The reign of Augustus initiated an era of relative peace known as the Pax Romana (The Roman Peace). The Roman world was largely free from major conflict for more than two centuries thereafter, despite continuous wars of imperial expansion on the Empire’s frontiers and the year-long civil war known as the “Year of the Four Emperors” (a war over the imperial succession). Augustus dramatically enlarged the Empire, annexing Egypt, Dalmatia, Pannonia, Noricum, and Raetia; expanding possessions in Africa; expanding into Germania; and completing the conquest of Hispania. Beyond the frontiers, he secured the Empire with a buffer region of client states and made peace with the Parthian Empire through diplomacy. He reformed the Roman system of taxation, developed networks of roads with an official courier system, established a standing army, established the Praetorian Guard, created official police and fire-fighting services for Rome, and rebuilt much of the city during his reign.

It’s amazing what you can do when you have no serious rivals and when you have absolute power. Before Augustus the Republic was a mess, torn apart year after year by powerful men and factions seeking control and dominance.  The assassins finished off Caesar, then the Second Triumvirate finished off the assassins, then Octavian polished off the other triumvirs, and stood supremely alone at the top of the pile. Once that feat was accomplished and his hold on the reins of power was firmly established, it would have been mighty foolhardy to challenge him.  The times of challenging the emperor’s power lay in the future.

Augustus died in 14 CE at the age of 75. He probably died from natural causes, although there were unconfirmed rumors that his wife Livia poisoned him. Seems a bit far-fetched to me.

If you are paying attention you will note that Augustus was emperor when Jesus was born (around 3 BCE). Yup, Jesus was probably born in the year 3 Before Christ !!! He died around 30 CE at the age of 33. If we are to believe Luke’s gospel (which I don’t) the legendary census that sent a pregnant Mary and her espoused, Joseph, to Bethlehem from their native Galilee, where she gave birth, was commanded by Augustus. As I have commented here several times before, the idea of a census covering the entire Roman Empire requiring every man, woman, and child to up stakes and leave their homes to go back to their ancestral homelands is both laughable and physically impossible. If Augustus had actually had such a ludicrously deranged idea he would have been locked up.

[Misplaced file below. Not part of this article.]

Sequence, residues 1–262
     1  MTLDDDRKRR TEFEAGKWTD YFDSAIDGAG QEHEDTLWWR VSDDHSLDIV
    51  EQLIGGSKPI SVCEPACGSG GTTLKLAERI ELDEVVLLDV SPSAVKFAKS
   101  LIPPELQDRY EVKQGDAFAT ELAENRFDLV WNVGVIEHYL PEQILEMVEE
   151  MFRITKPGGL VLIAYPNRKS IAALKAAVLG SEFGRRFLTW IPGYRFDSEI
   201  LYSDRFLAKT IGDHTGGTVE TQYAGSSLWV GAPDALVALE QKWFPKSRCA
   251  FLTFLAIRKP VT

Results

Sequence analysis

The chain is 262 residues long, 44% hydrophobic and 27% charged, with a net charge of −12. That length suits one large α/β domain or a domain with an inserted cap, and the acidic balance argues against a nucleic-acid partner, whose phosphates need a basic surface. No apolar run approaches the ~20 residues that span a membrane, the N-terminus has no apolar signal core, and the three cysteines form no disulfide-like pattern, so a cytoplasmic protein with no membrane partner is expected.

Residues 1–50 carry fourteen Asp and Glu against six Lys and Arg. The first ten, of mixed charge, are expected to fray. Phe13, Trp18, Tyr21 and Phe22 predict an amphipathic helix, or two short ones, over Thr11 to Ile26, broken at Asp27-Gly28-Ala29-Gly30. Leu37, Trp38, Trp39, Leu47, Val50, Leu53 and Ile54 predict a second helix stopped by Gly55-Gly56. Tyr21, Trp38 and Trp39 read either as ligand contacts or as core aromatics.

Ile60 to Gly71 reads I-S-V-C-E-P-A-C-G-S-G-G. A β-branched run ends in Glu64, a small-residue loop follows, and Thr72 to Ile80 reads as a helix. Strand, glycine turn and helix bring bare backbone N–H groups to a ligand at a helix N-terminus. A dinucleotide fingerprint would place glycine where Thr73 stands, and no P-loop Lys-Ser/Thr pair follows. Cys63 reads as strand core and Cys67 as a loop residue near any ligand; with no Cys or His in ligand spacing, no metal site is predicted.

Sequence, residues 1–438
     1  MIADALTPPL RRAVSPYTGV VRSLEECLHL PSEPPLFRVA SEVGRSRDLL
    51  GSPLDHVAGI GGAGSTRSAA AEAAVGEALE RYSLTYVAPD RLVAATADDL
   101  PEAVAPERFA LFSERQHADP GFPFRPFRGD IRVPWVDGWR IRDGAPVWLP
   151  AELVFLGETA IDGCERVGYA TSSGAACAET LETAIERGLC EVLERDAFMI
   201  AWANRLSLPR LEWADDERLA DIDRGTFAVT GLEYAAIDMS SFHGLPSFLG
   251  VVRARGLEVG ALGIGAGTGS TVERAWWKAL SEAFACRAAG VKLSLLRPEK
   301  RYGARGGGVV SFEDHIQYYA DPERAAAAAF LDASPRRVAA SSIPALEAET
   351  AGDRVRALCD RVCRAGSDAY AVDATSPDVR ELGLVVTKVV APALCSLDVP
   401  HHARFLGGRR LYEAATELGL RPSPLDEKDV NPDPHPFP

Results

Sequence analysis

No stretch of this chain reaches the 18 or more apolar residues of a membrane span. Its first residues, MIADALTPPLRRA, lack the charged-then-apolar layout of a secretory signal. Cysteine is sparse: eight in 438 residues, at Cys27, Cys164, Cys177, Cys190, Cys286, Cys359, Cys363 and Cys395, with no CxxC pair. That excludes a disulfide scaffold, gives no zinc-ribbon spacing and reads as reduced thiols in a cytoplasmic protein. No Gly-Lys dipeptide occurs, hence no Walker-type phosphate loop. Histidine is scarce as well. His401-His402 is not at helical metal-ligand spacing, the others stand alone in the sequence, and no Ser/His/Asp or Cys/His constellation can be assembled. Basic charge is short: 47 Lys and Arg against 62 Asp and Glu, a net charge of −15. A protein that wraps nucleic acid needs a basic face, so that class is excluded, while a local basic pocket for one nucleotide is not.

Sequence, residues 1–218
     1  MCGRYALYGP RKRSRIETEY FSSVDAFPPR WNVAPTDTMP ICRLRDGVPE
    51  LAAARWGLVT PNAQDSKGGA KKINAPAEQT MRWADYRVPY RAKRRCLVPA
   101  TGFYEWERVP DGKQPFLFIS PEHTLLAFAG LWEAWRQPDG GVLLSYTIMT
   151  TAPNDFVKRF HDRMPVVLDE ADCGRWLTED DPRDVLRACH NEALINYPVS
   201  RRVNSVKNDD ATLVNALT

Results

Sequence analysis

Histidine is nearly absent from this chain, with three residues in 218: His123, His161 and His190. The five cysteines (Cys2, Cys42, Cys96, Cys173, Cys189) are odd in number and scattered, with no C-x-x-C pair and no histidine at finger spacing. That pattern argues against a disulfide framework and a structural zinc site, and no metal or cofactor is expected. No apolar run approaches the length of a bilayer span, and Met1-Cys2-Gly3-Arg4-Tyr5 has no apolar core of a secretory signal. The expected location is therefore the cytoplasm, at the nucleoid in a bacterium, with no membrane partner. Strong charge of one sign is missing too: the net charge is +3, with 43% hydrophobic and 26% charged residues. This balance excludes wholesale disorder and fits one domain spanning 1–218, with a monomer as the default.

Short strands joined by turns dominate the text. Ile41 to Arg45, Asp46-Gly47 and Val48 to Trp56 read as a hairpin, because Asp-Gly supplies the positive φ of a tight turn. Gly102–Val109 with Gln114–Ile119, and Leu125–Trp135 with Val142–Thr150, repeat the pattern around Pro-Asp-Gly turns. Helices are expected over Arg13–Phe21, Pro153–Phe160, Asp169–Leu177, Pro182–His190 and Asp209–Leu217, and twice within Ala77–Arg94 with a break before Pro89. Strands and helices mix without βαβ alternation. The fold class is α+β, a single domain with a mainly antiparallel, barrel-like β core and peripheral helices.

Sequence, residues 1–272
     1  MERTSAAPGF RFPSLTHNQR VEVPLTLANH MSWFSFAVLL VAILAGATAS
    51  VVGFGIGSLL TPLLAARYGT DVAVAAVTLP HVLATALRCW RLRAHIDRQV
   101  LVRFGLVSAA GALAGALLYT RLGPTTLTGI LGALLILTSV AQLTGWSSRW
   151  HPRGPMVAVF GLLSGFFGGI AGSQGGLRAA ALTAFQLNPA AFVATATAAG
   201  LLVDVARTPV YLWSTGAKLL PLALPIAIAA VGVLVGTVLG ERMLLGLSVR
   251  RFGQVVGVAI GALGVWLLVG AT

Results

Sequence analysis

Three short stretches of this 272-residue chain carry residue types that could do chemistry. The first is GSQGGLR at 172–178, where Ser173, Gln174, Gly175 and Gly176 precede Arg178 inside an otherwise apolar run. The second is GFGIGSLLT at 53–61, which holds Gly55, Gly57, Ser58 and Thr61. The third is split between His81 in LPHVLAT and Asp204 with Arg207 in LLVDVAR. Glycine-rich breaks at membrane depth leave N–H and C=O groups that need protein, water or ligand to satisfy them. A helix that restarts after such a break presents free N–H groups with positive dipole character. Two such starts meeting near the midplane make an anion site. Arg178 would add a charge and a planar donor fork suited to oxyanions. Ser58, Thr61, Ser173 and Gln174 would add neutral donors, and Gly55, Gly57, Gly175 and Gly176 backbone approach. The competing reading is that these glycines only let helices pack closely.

Tiberius

He was succeeded as Emperor by his adopted son (also stepson and former son-in-law) Tiberius.

The common staple of rich and poor alike at the time of the Roman Revolution was puls, a porridge made from farro.  Farro is whole wheat grain produced from a specific kind of wheat.  You can find it pearled in health food stores in the US, but in Italy to this day they sell it unpearled in regular supermarkets. In ancient Rome puls was the normal breakfast food for the common people, but it could be eaten for any meal.  Vegetables or meat might be added to a main dish, or fruit and honey for a sweet one.

To make farro into a dish that almost certainly resembles ancient puls combine 1 part farro to 2 parts water (with salt to taste) in a saucepan, bring to a boil, and simmer uncovered until the grains are al dente (!) – ignoring the irony of using modern Italian as an English cooking term – and the liquid is mostly absorbed.  For a soupier dish use more water. It can be eaten plain on its own (as the poorer Romans would have done) or as a side dish. Otherwise you can add what you will to dress it up – meat, fish, vegetables, fruit. Something similar is served in Tuscany these days as a breakfast dish with coffee as the liquid and candied fruit added for flavoring. Not my thing – at all.